In 1804 Thomas Jefferson asked Congress to fund an expedition west for the discovery of a northwest water passage to the Pacific Ocean. For a mere $2,500 (about $51,000 today), Meriwether Lewis and William Clark led the Corp of Discovery on a journey that took much longer than anticipated, faced challenges they could never have imagined, met friend and foe, and ultimately failed at discovering a water route.
It’s important to note that they failed. But failing at their stated goal led them to achieve more than anyone could have expected—achievements in navigation, geography, botany, etc. These men were working in uncharted territory. Once they reached the Rocky Mountains they had no way of communicating back to Jefferson, but he never lost faith (at least not to the public) that the men were alive and were succeeding. His unfaltering belief in their ability gave the Corp the drive to move forward, and the leadership of Lewis and Clark—leadership defined by democracy—created loyal men interested in advancing the knowledge of their country.
This concise history lesson can be applied today as we work to reduce poverty. What strikes me as similar to the Rochester-Monroe Anti-Poverty Initiative is that there were huge obstacles encountered along the way, obstacles that made the journey last much longer than expected. As RMAPI begins the action phase of the implementation, I hope we can embrace Jefferson’s unwavering faith in his men, and his extreme patience in the process.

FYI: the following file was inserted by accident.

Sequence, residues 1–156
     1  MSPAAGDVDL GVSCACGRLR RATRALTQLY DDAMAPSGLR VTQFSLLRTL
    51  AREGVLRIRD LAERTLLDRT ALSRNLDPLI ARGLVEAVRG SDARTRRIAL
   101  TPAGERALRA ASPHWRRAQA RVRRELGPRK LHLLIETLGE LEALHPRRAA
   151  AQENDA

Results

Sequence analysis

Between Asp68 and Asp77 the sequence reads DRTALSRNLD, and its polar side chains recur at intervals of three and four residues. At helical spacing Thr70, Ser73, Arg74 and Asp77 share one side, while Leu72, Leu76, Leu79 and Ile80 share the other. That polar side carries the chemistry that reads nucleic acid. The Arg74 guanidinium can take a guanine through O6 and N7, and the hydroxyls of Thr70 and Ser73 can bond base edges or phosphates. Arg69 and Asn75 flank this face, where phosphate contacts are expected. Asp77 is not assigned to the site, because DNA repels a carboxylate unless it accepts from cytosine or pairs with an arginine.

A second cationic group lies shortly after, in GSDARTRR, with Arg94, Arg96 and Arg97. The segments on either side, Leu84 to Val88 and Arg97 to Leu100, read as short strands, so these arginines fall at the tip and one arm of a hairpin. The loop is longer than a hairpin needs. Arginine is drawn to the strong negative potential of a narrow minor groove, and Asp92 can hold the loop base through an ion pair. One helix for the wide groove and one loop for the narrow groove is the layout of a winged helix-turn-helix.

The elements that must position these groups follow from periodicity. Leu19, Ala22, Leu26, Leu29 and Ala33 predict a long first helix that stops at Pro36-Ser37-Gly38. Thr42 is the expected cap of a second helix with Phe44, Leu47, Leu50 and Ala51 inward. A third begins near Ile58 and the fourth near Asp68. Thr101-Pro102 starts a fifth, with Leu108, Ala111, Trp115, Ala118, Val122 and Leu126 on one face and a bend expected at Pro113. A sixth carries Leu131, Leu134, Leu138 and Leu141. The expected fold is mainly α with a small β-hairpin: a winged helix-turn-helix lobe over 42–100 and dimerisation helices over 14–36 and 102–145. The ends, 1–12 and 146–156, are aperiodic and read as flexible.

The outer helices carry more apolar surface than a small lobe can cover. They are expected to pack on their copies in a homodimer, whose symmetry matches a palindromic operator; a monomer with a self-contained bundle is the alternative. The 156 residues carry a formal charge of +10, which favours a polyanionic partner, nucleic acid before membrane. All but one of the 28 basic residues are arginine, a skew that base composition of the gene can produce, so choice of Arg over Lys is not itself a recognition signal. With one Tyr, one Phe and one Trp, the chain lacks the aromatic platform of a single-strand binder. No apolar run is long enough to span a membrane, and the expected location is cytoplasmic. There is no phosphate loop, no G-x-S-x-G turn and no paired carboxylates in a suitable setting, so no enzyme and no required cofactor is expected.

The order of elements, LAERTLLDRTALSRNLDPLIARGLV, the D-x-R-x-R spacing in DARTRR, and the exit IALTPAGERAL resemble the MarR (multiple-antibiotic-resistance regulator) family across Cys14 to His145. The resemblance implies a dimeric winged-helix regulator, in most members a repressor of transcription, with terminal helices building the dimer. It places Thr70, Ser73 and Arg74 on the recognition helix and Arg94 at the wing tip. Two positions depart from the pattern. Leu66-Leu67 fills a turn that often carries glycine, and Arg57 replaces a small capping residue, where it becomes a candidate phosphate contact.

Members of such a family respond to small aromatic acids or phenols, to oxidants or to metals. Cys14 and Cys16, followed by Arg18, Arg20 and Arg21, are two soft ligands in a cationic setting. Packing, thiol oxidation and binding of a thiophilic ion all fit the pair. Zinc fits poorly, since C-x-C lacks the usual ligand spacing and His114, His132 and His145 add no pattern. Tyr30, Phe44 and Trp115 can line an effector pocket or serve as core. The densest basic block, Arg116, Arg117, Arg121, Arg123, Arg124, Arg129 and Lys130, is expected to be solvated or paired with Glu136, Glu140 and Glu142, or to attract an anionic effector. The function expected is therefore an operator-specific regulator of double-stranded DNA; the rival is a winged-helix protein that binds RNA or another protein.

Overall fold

I hope that those of us working in the spirit of the Corp can find the strength to keep going from our leadership. Clark and Lewis I’m sure were discouraged along the way. But they didn’t let those days dominate because they knew the weight on their shoulders. They had a responsibility to Jefferson, who believed in them, and to their men, who trusted them with their lives.
Another idea that strikes me is that they didn’t know what they would face when they passed the last known point on their map. They were courageous, they were a little crazy, and they kept going. The discoveries they made changed the course of the country. Never mind they didn’t find the northwest passage; not because they didn’t try but because it didn’t exist. The country is richer for the knowledge they brought back than if they discovered an easy route to the west coast.
We will be richer for the unexpected knowledge we’ll gain along the RMAPI journey. We will fail at some of our written goals, but those failures will make our future discoveries that much more important. I may be using some literary license, and perhaps some arrogance comparing our efforts to the Corp of Discovery, but let’s think big and let’s keep the stakes high.